Wednesday, June 16, 2010
Written by The Independent Staff
Disengaged parents are frequently cited as an impediment to the success of public education statewide, and some parents' inability or refusal to pay...
It's been one hurdle after another for Lafayette Utilities System's Fiber to the premise program. From overcoming resistance within the community...
So much for ushering in a new age of putting science ahead of ideology. The Obama administration's...
**Wednesday, June 16, 2010
Written by The Independent Staff
Disengaged parents are frequently cited as an impediment to the success of public education statewide, and some parents' inability or refusal to pay their children's meal costs is clearly exacerbating the red in already stressed budgets. But some school systems' policy of denying meals to the children of delinquent payers has never sat well in our collective belly. A bill by state Rep. Nancy Landry, R-Lafayette, that would prohibit the "no soup for you" policy cleared the Senate Education Committee last week after sailing through the House 93-0 in May. HB 1141 would require a notification process for school systems to follow, a "substantial and nutritious snack" for children whose parents are behind on payments and, after three violations, referral to the state Office of Community Services. Lafayette Parish has used the policy in the past, and our local school system's student/parent handbook notes that regulations "do not prohibit a school system from denying a meal to a student for failure to pay for meals." Figuring out how to get parents to pay what they owe for their children's meals is essential, especially in this period of declining sales tax revenue. In many cases parents who would qualify for free or reduced meals have simply failed to fill out proper paper work. Regardless, punishing children for the shortcomings of their parents isn't the proper course.
It's been one hurdle after another for Lafayette Utilities System's Fiber to the premise program. From overcoming resistance within the community to winning at the ballot box to beating back lawsuits from private corporations, who knew pumping cable TV, Internet and phone service into homes would be such a formidable task? The depth of the forces working against our public utility became even clearer last week when LUS filed a complaint with the Federal Communications Commission against the National Cable Television Cooperative, which acts as the buying agent for more than 1,000 cable operators in negotiating deals with programming channels. The NCTC's board of directors is also named a defendant. LUS' complaint seeks not only membership in NCTC, but damages as well, estimating it will pay nearly $1 million more for programming by the end of 2011 if it is still shut out of the co-op. The NCTC's biggest member is Cox Communications, LUS' main competitor in the Lafayette market. LUS accuses Cox of influencing the NCTC's blackballing of LUS. Cox calls the complaint "meritless." It could take months for the FCC to address the complaint.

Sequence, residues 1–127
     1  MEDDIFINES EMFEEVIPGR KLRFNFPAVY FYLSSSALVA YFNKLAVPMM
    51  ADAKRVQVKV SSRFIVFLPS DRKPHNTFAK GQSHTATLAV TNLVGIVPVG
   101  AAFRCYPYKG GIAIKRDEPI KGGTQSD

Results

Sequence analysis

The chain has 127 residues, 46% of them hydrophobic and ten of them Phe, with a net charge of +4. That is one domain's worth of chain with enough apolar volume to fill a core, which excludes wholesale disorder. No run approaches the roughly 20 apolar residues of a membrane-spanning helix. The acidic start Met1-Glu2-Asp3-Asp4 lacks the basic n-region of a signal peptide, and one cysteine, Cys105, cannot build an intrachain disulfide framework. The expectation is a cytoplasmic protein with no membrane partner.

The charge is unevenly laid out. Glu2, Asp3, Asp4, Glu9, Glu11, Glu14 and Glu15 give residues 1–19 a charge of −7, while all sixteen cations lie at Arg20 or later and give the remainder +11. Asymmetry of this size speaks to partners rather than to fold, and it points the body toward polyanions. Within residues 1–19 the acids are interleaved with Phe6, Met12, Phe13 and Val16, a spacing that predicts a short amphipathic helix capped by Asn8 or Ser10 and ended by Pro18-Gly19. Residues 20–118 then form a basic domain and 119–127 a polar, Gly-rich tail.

So much for ushering in a new age of putting science ahead of ideology. The Obama administration's six-month moratorium on deepwater drilling - a reaction to the BP oil disaster in the Gulf - was supposed to be about sound policy based on the advice of experts to address the safety of deepwater drilling. As it turns out, Interior Secretary Ken Salazar at least ignored the advice of a majority of the experts consulted in imposing the moratorium and at worst misrepresented their collective opinion, which was to put a hold on new drilling projects in depths of 1,000 feet or more, not the blanket moratorium on all deepwater drilling that currently threatens to wreck Louisiana's economy. The Louisiana Department of Economic Development estimates the moratorium will cost the state up to 6,000 jobs in just the first three weeks. It's time to rethink this thing, and fast.